The internet will kill brick-and-mortar retail. That’s a prophecy that has proven at least partly true in 2017 as thousands of chains have closed stores, while others shut down for good, and quite a few remain at risk in 2018.

Retail has become increasingly digital, but most shopping still takes place in stores and digital retailers have discovered that, in many cases, there’s a benefit to having a brick-and-mortar presence.

In some cases, that can be simply to facilitate returns. That’s why Amazon (NASDAQ:AMZN) has a deal in place with Kohl’s. The chain allows customers to drop off items they want sent back to the digital retailer.

Amazon has also shown through its purchase of Whole Foods that having a physical presence can help expedite delivery. The roughly 400 grocery stores add to the digital leader’s warehouse network, giving it more points to stage orders from.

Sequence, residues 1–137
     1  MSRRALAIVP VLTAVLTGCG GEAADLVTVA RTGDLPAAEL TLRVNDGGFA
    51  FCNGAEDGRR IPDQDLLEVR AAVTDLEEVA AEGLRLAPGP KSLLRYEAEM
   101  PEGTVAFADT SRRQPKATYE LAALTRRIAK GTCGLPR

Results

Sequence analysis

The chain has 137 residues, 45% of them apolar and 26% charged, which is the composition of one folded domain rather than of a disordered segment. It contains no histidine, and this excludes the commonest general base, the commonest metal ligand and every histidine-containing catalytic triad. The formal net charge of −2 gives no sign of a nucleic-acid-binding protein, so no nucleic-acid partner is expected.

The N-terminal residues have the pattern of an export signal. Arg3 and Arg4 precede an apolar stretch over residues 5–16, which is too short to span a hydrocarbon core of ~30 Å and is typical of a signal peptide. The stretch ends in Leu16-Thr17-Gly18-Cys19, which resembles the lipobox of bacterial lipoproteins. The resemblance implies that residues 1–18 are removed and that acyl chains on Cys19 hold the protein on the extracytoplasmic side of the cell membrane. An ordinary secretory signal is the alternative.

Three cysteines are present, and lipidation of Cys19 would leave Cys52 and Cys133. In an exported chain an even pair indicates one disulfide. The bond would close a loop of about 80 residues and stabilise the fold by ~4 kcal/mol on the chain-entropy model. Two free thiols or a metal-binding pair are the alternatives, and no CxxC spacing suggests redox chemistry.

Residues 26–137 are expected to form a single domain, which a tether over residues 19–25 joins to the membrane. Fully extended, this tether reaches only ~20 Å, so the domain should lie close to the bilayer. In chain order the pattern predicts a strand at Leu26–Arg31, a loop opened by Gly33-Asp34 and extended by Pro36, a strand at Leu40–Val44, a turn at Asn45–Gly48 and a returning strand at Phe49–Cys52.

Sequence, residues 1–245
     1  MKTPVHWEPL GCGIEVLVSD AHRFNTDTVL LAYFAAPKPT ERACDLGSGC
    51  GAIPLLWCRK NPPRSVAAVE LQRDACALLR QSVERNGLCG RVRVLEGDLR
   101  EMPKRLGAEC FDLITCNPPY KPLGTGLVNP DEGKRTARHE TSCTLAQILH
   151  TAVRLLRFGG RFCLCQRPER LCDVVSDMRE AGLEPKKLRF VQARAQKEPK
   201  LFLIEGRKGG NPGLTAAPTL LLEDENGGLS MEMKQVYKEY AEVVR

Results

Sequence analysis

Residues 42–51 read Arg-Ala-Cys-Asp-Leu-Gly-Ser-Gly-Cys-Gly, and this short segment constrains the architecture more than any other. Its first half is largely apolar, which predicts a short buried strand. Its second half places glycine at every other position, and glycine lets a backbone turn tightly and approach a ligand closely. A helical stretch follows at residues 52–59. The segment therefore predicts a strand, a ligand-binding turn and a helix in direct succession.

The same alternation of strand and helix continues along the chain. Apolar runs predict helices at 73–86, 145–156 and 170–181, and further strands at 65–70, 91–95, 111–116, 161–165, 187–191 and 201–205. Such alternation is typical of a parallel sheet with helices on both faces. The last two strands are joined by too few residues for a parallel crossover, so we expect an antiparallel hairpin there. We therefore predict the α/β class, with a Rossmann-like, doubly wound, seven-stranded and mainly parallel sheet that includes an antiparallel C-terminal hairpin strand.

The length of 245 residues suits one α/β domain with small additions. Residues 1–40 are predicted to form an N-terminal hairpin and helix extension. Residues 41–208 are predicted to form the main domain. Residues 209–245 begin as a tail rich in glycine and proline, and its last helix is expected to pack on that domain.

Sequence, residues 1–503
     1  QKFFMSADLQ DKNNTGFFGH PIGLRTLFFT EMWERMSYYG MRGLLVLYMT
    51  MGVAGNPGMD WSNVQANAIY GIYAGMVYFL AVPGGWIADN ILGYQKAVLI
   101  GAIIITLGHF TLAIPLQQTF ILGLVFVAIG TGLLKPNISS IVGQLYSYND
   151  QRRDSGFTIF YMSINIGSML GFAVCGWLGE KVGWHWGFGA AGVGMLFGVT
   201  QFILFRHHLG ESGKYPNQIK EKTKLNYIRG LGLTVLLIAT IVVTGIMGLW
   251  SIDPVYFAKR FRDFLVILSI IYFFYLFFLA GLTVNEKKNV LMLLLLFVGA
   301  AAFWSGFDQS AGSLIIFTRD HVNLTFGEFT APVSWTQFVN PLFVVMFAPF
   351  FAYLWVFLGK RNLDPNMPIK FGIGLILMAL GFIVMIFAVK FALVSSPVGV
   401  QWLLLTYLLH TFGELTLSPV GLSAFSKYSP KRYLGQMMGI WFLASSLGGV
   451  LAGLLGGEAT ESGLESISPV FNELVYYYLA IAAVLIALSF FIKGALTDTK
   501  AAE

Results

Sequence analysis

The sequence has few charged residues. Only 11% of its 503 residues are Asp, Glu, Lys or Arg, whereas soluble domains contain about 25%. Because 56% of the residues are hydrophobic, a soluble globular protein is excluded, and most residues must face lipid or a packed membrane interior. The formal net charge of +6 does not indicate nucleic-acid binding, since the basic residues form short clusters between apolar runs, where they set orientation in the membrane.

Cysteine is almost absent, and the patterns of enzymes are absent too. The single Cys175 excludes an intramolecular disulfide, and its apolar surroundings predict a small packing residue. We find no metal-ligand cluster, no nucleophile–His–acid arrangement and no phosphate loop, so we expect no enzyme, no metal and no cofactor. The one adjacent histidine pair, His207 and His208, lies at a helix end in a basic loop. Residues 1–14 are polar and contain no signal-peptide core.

Most digital retailers, however, have much smaller ambitions. For companies specializing in a more narrow range of products, opening brick-and-mortar locations may make sense simply for the data it can gain from in-person customer interactions.

The interior of a Warby Parker store.
Warby Parker has been opening stores. Image source: Warby Parker.

What is “brick mining?”

While it’s not yet a mainstream term, “brick mining” is the idea that an online retailer can learn about its customers from having a limited amount of physical stores. The term was used by sportswear subscription retailer Fabletic’s retail vice president, Ron Harries, to explain why his once pure-digital employer has begun opening stores.

“When you take the data that you collect from that customer in a retail location, you can get to know your members and guests much differently than you could online only,” he told Marketplace.

There’s a practical reason for customers to visit a physical Fabletics location that should help the company’s digital sales going forward. When a customer finds the right fit — something it’s not easy to do online — she can then order again (online)…